And, of course, there are the Whole Foods'-owned Fresh & Wild stores already in the area. Those stores are much smaller than a typical Whole Foods' banner store, and as a result carry a much smaller selection of natural and organic products. They also don't have the extensive in-store prepared foods venues and other special lifestyle features that a 45,000 -to- 80,000 square foot Whole Foods' banner store does. They do have a nickname similar to Whole Foods' "Whole Paycheck" in the U.S. though. The British wags call the stores "Fresh & Wildly Expensive."
Our UK industry sources have told us a number of sites in Metro London and elsewhere in the UK have been rumoured to be high on the short list of possible locations for new Whole Foods' banner stores. These potential sites include: numerous locations in the city of London, the dockland banking district's Canary Wharf, Manchester, Bristol and Edinburgh.
We, nor do our UK sources, know the number of Whole Foods' banner stores the grocer wants to open in the United Kingdom. What we do know though is Whole Foods Market, Inc. knows it needs a critical mass of stores in the region in order to do its brand of merchandising and promotion. As such, we believe the supernatural retailer will embark on a multi-year new store development program in the UK--beginning first with opening new stores and filling out in the London Metropolitan region.
Along with that strategy, we see the grocer opening stores at the same time--but at just a slightly slower pace--in key parts of the UK that fit its education, income, environmental and ethical consumer demographic variables best. In other words, the UK is no longer a mere retail test for Whole Foods Market, Inc.. Rather, it is along with Canada becoming nearly as important corporately as the grocer's U.S. expansion plans are.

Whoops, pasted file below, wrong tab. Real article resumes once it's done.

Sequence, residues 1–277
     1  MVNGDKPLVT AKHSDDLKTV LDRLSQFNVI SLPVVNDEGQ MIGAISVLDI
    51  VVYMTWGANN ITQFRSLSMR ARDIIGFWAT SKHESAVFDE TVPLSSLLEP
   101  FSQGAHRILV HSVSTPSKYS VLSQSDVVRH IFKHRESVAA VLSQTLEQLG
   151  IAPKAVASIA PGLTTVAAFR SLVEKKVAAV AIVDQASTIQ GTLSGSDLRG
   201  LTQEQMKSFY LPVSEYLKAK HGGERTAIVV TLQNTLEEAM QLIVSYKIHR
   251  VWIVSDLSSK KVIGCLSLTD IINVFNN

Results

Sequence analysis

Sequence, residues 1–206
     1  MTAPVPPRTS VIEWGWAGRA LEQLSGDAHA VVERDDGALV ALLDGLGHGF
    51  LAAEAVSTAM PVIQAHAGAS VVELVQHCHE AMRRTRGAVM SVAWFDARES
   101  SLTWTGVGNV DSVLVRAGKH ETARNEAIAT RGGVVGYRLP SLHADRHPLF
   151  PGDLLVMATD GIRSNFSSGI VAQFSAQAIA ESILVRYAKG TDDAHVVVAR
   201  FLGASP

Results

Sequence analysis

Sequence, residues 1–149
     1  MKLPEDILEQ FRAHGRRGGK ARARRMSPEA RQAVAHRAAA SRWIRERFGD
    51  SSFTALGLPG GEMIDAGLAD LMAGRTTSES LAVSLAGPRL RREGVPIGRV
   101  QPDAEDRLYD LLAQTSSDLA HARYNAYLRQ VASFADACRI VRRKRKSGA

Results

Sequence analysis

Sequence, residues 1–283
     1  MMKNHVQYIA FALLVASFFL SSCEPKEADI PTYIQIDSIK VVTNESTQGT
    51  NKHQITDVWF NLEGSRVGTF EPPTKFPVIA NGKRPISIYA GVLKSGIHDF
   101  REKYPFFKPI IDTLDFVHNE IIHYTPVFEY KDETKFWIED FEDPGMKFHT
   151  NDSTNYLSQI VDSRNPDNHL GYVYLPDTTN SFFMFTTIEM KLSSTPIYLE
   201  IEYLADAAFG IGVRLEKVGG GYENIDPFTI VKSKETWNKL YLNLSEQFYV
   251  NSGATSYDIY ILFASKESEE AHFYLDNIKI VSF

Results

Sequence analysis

Whole Foods' to open up to 30 new stores in U.S. in 2009
Speaking of those U.S. expansion plans. Whole Foods' announced today in a filing with the U.S. Securities and Exchange Commission that it plans to build and open between 25 -to- 30 new stores in the U.S. next year. That's a new store opening somewhere in the U.S. at a rate higher than one every other week.
The 29-30 new stores will all likely be no smaller than 45,000 square feet (except in special cases like urban neighborhoods where there are geographical limitations of course) and as big as 80,000 square feet. The new stores also will be located both in regions like Texas and the west and east coasts, where Whole Foods' already has a substantial number of stores, and in new areas of the U.S. where the grocer has little or no current retail presence.
Whole Foods also is set to open its Whole Foods Express small-format, convenience-oriented prototype store in a renovated former Wild Oats market building in Boulder, Colorado later this year. If that test--and format--proves successful, we could see the supernatural grocer join the growing small-format grocery store revolution in the U.S. with additional Express stores in other parts of the country perhaps even beginning next year.
From what we've been able to learn thus far, the Whole Foods Express format will be about 15,000 square feet -to- 20,000 square feet in size. It will feature a limited selection of natural and organic grocery products, fresh produce and meats and other perishables.
A key feature of the Express store will be an extensive selection of natural, organic, healthy and tasty ready-to-eat and ready-to heat prepared foods. We also expect to see some sort of an in store cafe in the Express store, as well as a small version of a Whole Foods-style in-store Bistro food service venue.